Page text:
In an article in the New York Times,
Angelina Jolie reveals her decision to have her ovaries and fallopian
tubes removed, in her on-going battle to reduce her risk of cancer.
In her most recent article, Jolie
says she did not decide to have her ovaries and fallopian tubes removed 'solely because I carry
the BRCA1 gene mutation, and I want other women to hear this. A positive BRCA
test does not mean a leap to surgery.'
'The most important
thing is to learn about the options and choose what is right for you
personally,' Jolie added.
With her BRCA1 mutation carrying a 50
percent risk of ovarian cancer, Jolie had been considering preventative surgery for a while. Two weeks ago, she decided to go ahead with it
after a blood test showed slightly elevated levels of early stage cancer
markers. Further tests eventually came back clear. But Jolie remained committed
to surgery in light of both her mutation and strong family history of the
Ovarian cancer is the fifth most common cancer among women
in the UK, with over 7,000 new diagnoses a year, according to Cancer Research UK. While surgery to remove the ovaries
and fallopian tubes is less invasive than a mastectomy, its after-effects are more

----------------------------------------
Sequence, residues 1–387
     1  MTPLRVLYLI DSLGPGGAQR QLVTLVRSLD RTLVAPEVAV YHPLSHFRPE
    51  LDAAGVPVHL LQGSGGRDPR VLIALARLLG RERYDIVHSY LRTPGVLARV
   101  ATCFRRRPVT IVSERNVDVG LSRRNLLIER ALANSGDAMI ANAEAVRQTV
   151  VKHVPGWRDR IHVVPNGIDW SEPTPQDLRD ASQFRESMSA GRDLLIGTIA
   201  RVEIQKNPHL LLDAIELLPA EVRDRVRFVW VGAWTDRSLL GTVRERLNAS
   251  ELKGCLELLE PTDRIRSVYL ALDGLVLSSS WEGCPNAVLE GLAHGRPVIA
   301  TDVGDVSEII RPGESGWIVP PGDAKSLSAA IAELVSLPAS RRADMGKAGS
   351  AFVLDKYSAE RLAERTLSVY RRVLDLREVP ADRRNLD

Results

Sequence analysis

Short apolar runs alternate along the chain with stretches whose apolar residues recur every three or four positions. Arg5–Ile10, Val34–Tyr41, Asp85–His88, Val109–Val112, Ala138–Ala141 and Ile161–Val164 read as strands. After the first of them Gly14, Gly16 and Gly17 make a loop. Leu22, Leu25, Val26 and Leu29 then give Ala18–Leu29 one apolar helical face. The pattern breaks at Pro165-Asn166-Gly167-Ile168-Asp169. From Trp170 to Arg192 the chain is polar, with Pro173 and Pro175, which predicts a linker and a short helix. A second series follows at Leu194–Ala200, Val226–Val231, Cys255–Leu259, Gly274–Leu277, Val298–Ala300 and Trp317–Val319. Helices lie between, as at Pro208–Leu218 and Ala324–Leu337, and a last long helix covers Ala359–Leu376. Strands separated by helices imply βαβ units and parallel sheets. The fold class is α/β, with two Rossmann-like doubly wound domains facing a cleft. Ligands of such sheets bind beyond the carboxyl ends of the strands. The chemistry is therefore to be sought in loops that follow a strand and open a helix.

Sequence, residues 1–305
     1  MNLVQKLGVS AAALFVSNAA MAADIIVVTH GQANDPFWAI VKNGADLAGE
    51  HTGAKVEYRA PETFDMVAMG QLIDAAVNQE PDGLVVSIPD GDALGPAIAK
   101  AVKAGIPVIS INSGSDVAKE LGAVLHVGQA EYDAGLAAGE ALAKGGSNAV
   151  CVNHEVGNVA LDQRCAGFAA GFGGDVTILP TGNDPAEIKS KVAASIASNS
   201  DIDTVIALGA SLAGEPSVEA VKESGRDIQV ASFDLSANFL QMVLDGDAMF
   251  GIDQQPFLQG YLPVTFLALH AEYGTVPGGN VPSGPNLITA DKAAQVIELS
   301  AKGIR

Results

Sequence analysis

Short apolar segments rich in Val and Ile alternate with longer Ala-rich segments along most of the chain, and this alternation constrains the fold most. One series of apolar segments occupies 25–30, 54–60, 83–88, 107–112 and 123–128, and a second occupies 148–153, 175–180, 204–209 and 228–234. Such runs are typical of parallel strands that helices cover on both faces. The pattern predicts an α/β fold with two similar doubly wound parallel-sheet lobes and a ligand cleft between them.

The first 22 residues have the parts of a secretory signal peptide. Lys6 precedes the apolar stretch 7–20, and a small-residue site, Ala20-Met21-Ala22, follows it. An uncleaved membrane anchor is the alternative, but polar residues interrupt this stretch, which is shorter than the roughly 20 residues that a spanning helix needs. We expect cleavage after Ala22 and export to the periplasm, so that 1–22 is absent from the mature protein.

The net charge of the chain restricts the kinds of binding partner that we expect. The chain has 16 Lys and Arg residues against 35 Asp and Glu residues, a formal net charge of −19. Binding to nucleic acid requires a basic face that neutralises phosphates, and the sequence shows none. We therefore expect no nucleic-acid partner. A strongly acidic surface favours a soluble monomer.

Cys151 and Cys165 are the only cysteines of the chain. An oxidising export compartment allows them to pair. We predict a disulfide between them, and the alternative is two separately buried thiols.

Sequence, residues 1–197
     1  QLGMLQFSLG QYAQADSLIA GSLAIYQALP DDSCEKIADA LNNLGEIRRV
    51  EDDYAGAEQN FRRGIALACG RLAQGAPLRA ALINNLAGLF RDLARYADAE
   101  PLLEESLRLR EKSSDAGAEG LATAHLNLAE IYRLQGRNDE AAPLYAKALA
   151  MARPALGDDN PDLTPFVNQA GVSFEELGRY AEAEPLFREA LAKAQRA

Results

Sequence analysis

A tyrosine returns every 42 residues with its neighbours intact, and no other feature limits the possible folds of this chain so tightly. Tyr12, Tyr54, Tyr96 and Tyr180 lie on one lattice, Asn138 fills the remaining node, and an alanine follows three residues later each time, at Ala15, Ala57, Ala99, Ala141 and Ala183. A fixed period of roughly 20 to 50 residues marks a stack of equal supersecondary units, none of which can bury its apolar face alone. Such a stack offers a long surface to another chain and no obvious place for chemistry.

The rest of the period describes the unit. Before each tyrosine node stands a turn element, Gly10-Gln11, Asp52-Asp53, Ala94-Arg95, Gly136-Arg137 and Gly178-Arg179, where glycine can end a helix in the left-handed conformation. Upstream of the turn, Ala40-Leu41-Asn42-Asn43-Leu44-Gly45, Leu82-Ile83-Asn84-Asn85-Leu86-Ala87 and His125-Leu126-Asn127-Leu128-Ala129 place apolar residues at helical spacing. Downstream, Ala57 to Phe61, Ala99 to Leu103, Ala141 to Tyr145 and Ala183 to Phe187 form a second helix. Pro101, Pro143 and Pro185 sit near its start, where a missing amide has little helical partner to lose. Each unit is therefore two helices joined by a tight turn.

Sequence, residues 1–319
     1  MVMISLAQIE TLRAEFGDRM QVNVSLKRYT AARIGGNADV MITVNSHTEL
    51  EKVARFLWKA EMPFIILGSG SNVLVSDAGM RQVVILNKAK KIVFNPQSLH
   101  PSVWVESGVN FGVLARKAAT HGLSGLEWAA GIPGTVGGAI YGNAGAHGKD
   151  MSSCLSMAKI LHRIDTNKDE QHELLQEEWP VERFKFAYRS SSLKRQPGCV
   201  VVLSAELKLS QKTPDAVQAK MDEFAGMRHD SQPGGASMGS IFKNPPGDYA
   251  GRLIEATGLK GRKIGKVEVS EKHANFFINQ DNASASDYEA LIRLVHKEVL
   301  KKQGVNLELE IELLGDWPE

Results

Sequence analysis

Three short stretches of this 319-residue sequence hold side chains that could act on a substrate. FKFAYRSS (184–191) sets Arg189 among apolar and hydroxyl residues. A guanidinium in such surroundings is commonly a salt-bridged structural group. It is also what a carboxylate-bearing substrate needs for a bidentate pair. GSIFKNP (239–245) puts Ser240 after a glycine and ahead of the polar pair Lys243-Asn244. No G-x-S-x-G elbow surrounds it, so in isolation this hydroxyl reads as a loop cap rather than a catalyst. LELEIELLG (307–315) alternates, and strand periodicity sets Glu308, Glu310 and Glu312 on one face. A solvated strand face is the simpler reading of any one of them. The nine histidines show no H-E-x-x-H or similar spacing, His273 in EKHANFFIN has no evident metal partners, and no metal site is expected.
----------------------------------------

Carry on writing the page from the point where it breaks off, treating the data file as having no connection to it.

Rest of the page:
severe, forcing women into an early menopause. Therefore, Jolie was keen to
point out that alternatives are available, especially for those women who have
not yet had children.
Charities hope that this recent announcement will increase awareness of ovarian cancer in women. They further anticipate a repeat of the 'Angelina effect' - the upswing in women seeking genetic testing and counselling observed after news of Jolie's double mastectomy surgery broke in 2013 (see BioNews 772).
Barr, chairman of Genesis Breast
Cancer Prevention, says that this surgical procedure 'is a very personal choice'. However,
he adds, 'it
is the only way to
be completely sure that the risk of cancer is made as small as possible'.
Cancer develops when mistakes in our
DNA lead to abnormal cells that begin dividing uncontrollably. BRCA1 and 2 genes normally act as 'tumour suppressors',producing proteins that can repair the DNA damage. Mutations in BRCA genes affect the normal functioning
of these DNA-repairing proteins, increasing the chances of developing many types of cancer.
'If women know they have BRCA gene
mutations, they can choose to take action before cancer develops, much like
Angelina has,' Katharine
Taylor, acting chief executive of Ovarian Cancer Action, commented. 'Her bravery
to announce this news publicly could save lives.'
Most cases of breast cancer are not
inherited, and less than three percent of breast cancers are due
to mutations in BRCA genes.
In the UK, women with a strong family history of breast and ovarian cancer are eligible for genetic testing on the NHS.